The story is that for 5 months or so, Willem has been leaving teeth marks on my nipple that I've found uncomfortable and sometimes painful. I could no longer breastfeed him in comfort and often had to tell him when it was time to unlatch or switch sides because I could no longer take the discomfort. I was still willing at that time to continue breastfeeding him in hopes that he would figure out a way given some time to stop making it uncomfortable for me. Instead over time, it remained the same and he began to resist my directions. When I told him it was time to let go or pointed out the teeth marks that were there, he would refuse and deny. This basically led to me getting frustrated and him being sad. I continued to try to be patient explaining to him why it was important for him to follow my directions at those times. I was resistant to give up and begin to wean him because I was hopeful there would be a solution and improvement.
That solution hadn't come before the day (first time in his life) when I dreaded the next time he asked to drink mama milk. I didn't want to and it surprised me the force of that feeling. At that point I realized our breastfeeding relationship had to come to an end. That night I told him I was done trying to give him mama milk and done with the arguing and the frustration, sadness and hurt. That's also when I realized that I had to be consistent and firm in that resolution. There wasn't going to be and couldn't be an gradual weaning process.
Over the next few days when he asked, I wanted to go back on that resolution. I still wish that there could have been another way. I wish that breastfeeding older children was more understood. If I could contact a lactation consultant who would know what to do to teach an older child to fix his latch, I would have done it. Although I assume that most LCs wouldn't have a clue with a child his age.
I'm not very hopeful that someone can help because he and I working together has not yielded a solution. I thought it might be one of those examples of a stage in a child's life where if you as the parent don't like it, be patient and wait a few weeks and it will resolve itself. In this case, the resentment came first. In fact, I'm glad to not have breastfed him in a few days. My main regret is that he can no longer benefit from the immune boosting powers and motherly connection.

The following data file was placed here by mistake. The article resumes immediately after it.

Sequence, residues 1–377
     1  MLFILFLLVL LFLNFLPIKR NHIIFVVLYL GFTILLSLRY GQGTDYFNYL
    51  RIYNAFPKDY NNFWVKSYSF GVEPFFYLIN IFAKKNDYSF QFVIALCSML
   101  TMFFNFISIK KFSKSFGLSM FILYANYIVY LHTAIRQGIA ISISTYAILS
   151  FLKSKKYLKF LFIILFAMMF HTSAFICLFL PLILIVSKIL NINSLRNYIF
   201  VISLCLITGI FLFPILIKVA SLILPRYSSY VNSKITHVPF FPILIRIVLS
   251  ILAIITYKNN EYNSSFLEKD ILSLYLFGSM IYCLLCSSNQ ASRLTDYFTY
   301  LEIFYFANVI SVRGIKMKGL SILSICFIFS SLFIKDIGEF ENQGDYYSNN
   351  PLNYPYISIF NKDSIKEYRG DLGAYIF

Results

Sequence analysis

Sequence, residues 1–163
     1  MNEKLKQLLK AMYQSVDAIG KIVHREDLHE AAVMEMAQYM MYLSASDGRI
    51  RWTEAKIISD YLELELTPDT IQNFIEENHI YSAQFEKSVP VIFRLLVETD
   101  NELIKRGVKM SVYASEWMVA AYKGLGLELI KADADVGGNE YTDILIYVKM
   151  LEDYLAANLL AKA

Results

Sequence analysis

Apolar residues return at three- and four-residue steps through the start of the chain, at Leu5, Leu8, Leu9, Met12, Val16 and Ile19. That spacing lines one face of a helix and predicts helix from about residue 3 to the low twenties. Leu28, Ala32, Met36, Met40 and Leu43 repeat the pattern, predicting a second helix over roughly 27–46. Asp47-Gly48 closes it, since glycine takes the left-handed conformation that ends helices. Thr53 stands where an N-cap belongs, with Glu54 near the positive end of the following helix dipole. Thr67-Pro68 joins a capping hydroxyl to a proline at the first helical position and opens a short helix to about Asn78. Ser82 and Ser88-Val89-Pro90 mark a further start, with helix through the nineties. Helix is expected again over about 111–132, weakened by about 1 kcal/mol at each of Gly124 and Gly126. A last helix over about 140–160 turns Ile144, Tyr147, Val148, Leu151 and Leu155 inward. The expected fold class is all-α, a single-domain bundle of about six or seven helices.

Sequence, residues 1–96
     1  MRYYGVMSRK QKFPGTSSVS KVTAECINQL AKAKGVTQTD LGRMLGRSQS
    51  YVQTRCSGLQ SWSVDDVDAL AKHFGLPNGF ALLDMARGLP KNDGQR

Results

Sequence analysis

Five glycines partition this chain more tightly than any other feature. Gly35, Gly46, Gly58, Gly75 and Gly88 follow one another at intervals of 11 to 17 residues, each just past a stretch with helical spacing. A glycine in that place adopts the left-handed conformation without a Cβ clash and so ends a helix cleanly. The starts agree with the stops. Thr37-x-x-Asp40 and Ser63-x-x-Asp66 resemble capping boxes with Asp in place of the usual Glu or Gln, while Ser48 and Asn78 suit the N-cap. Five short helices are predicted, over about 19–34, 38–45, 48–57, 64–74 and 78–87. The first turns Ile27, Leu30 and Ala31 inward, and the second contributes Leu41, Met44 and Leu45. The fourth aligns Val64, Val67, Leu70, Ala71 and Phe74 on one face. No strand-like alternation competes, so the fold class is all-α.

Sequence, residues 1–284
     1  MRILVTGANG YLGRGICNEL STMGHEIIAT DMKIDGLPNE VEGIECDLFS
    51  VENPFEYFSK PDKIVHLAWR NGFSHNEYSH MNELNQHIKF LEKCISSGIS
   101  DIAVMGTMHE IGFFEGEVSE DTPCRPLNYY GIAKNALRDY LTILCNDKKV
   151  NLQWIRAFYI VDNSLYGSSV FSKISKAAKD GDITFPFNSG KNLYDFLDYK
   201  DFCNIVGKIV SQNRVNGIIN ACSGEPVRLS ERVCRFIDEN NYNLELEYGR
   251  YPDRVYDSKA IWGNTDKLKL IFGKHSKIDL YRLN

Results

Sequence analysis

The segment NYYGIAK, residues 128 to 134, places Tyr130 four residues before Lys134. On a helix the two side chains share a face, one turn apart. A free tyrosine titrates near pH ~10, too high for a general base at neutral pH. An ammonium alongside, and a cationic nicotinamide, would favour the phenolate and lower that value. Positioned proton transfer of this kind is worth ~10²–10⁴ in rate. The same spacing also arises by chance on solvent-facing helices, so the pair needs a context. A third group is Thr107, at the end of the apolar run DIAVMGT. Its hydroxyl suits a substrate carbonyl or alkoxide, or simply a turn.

Often quoted to me is the maxim that extended breastfeeding is only constructive when it is working for both mother and child. Once its not, its time to stop. I felt I tried to persevere having found a balance that I considered acceptable. But it was no longer acceptable to me when I didn't even want to try. I don't want to know what the next nursing session would have been like with me knowing I didn't want to and going ahead anyway.
I've actually replaced the breastfeeding with spoon feeding for the time being. The last couple of weeks, he has discovered that he is too busy to eat. And often the only way to make sure he was getting the nourishment he needed was to interact with him over food, the best way to do that was hand feeding. He still can feel the connection with me and there isn't crying on either end. I don't have to feed him by hand all the time but in times that he is struggling to focus on eating, I will.
I had hoped that our breastfeeding relationship could have lasted longer--until he was 4 years old or so--knowing that in many cultures in the world, that is normal. Instead, we made it 2 years, 6 months and 3 weeks.
I probably could have stopped right after Belle's birth with the simple explanation that babies don't eat foot, they only drink mama milk and Willem was not a baby anymore and he needed to eat food to stay healthy. Instead, I tried to find the mixture of food and mama milk for his diet. Then he started using mama milk as meal replacement so I had to put limits on his breastfeeding like only after breakfast, not before because he wouldn't eat breakfast otherwise. I know he'd love it if some pumped breastmilk made it into his cup, but I'm not yet sure if I should do that. I know I'm not going to go out of my way to pump milk for him, but if I happen to have extra, I think I will share with him.